Puzzling out Pacific migrations explores possible reasons for the long pause between two phases of migration across the Pacific. It shows how scientists interpret data patterns to gain insight into the movement of Pacific peoples across that region.
Puzzling out Pacific migrations is a ready-to-use cross curricular teaching resource. It uses the Ministry of Education’s 2019 Connected article The long pause by Dr Amber Aranui.
The Connected article is accompanied by an audio narration, which may be useful for some readers.
‘The long pause’ is a non-fiction article suitable for students working at NZC level 3 and above. The article and accompanying activities support learning in multiple curriculum areas.
- Locating and summarising ideas.
- Interpreting visual language.
Social sciences – social studies:
- Movement of people affects cultural diversity and interaction – within New Zealand.
Science – Nature of Science:
- Appreciate that science is a way of explaining the world and that science knowledge changes over time.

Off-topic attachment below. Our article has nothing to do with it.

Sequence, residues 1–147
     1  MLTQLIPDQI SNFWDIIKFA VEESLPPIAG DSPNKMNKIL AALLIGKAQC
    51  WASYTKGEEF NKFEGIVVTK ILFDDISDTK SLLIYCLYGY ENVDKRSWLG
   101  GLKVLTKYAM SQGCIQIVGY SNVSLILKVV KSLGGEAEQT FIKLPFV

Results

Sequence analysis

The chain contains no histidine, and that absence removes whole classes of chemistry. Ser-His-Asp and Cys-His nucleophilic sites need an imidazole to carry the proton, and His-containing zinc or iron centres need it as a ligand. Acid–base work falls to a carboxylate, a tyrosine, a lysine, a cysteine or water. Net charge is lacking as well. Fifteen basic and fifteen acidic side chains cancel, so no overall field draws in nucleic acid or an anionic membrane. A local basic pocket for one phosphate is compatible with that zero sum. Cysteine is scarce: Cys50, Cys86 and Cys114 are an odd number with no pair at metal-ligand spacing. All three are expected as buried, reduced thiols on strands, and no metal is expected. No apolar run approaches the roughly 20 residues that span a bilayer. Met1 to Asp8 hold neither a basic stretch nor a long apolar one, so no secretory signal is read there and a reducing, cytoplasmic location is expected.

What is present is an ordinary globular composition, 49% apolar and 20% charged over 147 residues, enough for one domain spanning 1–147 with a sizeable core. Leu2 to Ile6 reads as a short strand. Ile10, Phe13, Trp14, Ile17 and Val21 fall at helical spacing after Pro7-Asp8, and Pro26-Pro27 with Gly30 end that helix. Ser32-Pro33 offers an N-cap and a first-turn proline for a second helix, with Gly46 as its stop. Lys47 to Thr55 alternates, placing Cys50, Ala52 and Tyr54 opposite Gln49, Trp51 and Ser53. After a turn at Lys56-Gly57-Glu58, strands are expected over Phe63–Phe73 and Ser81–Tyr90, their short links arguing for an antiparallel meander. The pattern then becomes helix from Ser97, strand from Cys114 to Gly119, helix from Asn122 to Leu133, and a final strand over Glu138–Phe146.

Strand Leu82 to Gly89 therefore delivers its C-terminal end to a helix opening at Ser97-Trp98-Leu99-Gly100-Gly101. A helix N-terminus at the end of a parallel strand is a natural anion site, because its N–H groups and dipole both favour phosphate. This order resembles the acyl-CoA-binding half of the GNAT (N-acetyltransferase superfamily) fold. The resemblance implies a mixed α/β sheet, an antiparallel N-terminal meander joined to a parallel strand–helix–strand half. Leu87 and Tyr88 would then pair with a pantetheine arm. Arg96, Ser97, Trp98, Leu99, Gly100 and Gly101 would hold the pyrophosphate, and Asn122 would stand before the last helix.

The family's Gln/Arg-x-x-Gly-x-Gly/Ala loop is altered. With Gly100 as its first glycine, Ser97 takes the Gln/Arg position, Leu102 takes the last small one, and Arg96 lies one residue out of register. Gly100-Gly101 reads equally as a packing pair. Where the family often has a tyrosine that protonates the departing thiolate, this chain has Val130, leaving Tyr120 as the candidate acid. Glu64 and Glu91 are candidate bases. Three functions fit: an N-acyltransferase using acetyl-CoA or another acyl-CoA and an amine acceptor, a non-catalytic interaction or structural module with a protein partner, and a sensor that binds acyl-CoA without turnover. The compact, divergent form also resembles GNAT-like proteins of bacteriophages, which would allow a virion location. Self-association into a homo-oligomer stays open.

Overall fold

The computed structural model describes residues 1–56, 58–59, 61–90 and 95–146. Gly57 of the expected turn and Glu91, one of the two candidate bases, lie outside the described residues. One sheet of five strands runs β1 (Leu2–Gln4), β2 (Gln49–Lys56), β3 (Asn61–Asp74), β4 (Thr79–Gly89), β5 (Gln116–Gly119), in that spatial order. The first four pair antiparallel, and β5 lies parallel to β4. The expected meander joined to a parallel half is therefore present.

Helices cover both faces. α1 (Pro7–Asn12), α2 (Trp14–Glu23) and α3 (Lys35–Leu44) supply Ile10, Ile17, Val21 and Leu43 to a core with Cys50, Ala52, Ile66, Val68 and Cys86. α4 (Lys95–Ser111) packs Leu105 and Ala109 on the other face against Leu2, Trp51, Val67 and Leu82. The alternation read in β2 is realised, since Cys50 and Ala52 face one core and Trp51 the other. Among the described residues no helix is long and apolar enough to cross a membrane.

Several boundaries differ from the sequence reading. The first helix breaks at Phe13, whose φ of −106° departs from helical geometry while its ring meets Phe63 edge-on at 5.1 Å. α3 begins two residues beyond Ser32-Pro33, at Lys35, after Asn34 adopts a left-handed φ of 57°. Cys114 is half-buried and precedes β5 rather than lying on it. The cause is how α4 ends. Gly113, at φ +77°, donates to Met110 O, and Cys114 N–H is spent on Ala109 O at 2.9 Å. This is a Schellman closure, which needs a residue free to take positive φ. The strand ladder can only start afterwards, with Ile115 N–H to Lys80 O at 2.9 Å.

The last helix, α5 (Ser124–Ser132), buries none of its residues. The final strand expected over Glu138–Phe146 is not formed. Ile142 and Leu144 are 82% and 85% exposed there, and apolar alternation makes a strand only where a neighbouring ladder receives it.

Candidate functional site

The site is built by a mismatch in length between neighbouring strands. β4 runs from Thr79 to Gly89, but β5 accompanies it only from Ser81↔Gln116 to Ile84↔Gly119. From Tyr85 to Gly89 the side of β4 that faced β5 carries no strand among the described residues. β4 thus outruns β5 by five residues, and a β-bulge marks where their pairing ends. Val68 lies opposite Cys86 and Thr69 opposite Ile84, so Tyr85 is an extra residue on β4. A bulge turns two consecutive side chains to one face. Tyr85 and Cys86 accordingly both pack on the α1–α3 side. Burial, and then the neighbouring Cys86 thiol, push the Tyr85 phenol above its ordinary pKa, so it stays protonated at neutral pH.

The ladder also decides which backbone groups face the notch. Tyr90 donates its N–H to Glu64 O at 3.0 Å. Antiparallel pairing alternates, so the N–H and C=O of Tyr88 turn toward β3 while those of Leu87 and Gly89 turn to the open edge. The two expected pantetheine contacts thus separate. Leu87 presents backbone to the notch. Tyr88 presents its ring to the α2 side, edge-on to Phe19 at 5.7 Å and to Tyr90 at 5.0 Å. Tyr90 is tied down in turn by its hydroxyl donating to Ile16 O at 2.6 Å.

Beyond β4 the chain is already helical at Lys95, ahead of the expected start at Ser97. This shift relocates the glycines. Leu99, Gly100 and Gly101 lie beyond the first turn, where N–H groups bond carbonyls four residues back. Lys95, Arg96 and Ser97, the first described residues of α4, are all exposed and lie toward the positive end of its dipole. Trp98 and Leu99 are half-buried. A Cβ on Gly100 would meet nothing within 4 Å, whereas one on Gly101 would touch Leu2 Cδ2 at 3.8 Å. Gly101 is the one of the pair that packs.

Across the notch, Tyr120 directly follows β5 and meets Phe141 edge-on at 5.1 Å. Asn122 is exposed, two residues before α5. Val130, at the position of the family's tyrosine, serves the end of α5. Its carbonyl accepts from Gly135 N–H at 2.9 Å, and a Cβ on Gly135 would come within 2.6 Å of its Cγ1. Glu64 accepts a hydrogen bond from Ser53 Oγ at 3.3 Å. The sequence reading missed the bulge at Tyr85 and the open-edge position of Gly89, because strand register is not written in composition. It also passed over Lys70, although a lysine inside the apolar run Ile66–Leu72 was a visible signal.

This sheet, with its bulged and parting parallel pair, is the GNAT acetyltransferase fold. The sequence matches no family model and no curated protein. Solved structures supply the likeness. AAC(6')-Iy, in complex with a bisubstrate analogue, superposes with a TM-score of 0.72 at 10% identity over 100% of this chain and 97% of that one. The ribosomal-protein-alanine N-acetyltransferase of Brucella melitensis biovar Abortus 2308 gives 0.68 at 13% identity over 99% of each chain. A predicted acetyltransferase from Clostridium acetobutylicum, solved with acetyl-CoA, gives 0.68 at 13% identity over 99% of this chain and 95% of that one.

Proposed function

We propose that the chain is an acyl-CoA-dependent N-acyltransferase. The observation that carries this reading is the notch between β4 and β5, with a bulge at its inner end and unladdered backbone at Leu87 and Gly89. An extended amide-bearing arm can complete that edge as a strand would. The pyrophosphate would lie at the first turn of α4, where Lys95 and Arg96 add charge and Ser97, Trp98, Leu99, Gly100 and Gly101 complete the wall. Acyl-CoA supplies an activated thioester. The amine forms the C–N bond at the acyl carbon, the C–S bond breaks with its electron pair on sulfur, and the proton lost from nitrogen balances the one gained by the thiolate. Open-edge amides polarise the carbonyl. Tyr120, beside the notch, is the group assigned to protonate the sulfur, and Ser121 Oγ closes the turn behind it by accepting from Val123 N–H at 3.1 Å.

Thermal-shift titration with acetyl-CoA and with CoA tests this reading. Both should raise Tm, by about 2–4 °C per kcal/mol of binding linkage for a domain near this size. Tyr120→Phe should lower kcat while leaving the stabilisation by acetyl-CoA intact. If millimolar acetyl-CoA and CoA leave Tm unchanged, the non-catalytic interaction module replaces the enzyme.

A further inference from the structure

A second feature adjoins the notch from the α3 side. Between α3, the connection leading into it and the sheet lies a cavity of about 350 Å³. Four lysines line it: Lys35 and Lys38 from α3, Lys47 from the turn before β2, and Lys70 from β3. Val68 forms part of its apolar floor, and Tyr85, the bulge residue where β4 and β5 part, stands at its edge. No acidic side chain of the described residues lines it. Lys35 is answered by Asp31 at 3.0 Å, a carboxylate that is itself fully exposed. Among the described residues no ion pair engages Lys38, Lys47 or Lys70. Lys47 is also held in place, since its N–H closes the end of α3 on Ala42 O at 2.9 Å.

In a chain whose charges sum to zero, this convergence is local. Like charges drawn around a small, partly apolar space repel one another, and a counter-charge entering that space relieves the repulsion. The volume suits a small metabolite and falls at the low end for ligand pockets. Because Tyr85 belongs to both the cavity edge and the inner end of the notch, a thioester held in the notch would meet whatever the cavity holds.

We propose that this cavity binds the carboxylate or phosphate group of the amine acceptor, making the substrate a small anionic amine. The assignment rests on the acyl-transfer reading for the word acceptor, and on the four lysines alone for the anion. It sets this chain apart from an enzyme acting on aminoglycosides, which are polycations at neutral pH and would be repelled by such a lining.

Customising the resources
The worksheet Puzzling our Pacific migrations – learning activities is available in a Word file here and also in the link at the bottom of the page.
Feel free to edit the Word document to meet the needs of your programme and your learners.
A reminder – the journal article is accompanied by teacher support material (TSM). It provides instructional strategies, highlights key science ideas and has activity ideas.
Download this Measuring the wind poster from MetService.
Assessment Resource Banks (ARBs) has a discussion activity on the benefits/downfalls of windfarms. (You must be logged in to access the resource.)
The Connected journals can be ordered from the Down the Back of the Chair website. Access to these resources is restricted to Ministry-approved education providers. To find out if you are eligible for a login or if you have forgotten your login details, contact their customer services team on 0800 660 662 or email email@example.com.
The Connected series is published annually by the Ministry of Education, New Zealand.